Scammers have taken a keen interest in the impending “ARB” airdrop by Ethereum layer-two scaling solution, Arbitrum, as numerous phishing scams have surfaced to dupe cryptocurrency users. Fortunately, the crypto community has raised the alarm about the spread of such fraudulent platforms.
Scammers Set Up Fake Arbitrum Airdrop Accounts And Websites
The Arbitrum Foundation disclosed in a recent post that it would give 10 billion governance tokens through an airdrop initiative on March 23rd. The tokens will enable holders to participate in voting on code modifications.
Sadly, the development has given rise to multiple attempts by scammers to establish counterfeit token airdrops with the intent of siphoning off funds from unsuspecting victims before the event. On Monday, Redefine, a blockchain security firm, reported uncovering a website that imitated a legitimate Arbitrum airdrop website.
The website prompts users to grant the scammers access to their assets, likely leading to them depleting their wallets. Also, CertiK, a blockchain security firm, identified a fraudulent Arbitrum account on Twitter called “arbitrum_launch,” promoting a token airdrop.
The firm has cautioned users against engaging with such accounts. In a separate development, a Reddit user with the handle u/CryptoMaximalist recently shared a thread sounding an alarm that “scammers are looking to take advantage of the intricacy of cryptocurrency and individuals who are eager for free funds.”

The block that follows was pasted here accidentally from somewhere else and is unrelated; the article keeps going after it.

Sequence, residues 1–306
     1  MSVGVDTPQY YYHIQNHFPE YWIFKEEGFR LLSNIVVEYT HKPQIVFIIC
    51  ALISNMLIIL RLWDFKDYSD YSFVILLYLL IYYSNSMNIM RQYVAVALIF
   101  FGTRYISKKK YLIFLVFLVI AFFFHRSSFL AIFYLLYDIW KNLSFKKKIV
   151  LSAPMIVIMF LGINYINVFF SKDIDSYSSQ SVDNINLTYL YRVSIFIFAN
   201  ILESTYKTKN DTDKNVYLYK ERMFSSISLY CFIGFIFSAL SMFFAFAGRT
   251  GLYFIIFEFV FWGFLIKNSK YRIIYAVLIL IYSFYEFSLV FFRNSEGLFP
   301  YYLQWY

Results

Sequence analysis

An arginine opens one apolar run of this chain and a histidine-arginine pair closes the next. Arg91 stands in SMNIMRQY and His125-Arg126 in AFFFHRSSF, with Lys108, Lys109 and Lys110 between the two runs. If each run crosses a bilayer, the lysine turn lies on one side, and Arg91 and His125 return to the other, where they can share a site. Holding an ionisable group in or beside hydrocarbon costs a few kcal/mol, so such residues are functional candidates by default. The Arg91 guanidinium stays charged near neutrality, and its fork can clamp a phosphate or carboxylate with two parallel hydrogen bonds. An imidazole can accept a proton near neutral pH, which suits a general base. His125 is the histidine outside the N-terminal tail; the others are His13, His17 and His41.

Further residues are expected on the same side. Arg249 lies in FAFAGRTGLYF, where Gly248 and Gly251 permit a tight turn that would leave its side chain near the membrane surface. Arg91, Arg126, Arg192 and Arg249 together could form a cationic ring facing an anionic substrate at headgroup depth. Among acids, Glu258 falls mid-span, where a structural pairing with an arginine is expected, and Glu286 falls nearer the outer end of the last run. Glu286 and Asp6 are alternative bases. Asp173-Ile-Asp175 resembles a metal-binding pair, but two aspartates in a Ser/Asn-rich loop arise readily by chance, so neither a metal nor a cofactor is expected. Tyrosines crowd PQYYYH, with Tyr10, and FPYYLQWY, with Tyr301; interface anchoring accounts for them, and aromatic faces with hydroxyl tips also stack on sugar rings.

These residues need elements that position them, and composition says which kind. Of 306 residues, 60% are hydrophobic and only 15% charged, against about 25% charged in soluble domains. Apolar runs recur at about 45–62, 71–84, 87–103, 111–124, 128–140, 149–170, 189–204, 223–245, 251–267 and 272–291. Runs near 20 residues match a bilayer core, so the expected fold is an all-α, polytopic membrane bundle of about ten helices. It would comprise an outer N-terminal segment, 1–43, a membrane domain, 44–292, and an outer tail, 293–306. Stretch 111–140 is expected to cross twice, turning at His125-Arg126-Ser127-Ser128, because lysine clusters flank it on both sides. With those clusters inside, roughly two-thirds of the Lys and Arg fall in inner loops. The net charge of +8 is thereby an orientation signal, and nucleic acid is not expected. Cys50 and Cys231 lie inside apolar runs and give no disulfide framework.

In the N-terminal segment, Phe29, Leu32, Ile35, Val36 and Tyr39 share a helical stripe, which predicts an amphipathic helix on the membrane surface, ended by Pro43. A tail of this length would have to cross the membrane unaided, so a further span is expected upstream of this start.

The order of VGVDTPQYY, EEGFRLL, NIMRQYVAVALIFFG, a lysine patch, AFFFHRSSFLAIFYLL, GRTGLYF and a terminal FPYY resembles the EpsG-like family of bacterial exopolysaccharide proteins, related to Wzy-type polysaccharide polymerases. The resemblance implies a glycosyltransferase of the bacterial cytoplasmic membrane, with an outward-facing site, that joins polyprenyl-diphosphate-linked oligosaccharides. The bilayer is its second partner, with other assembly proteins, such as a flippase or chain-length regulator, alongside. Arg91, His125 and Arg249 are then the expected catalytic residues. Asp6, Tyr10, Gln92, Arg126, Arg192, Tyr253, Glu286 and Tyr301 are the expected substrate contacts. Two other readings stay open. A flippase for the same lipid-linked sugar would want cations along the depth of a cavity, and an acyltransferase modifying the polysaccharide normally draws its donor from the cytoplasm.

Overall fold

u/CryptoMaximalist stated that they discovered counterfeit Arbitrum Twitter accounts linked to bogus Arbitrum websites. The Reddit account urged others to scrutinize the profile and history of a user and verify if they are sharing links excessively across multiple subreddits before clicking on such links.
Arbitrum Foundation Used A Points System For The Airdrop
Furthermore, Scam Sniffer, a Web3 anti-scam tool, notified its Twitter followers last week that it had identified over 273 phishing sites associated with Arbitrum since the announcement of the token Airdrop. The number is projected to increase ahead of the official Airdrop slated for March 23rd.
Meanwhile, the Arbitrum Foundation utilized a points-based approach to ascertain eligibility for claiming tokens in the Airdrop. The foundation also used the approach to determine the corresponding quantity of tokens that users could claim.
Some of the actions users had to undertake to qualify for the Airdrop included completing a minimum of four transactions or interacting with a minimum of four smart contracts. In addition, they had to bridge funds into the Arbitrum One chain and deposit liquidity worth at least $50,000 into Arbitrum.
Furthermore, Nansen, a blockchain analytics platform, collaborated with Arbitrum in devising the eligibility criteria. In a tweet last week, Nansen explained that positive (to encourage) or negative (to discourage) points were earned through organic activity.
The firm disclosed that out of over 2.3 million wallets bridged on the Arbitrum One chain before February 6th, only 625,143 met the requirements to be eligible for the Airdrop.
“The total number of points accumulated determined the quantity of tokens a wallet received in the airdrop,” Nansen added.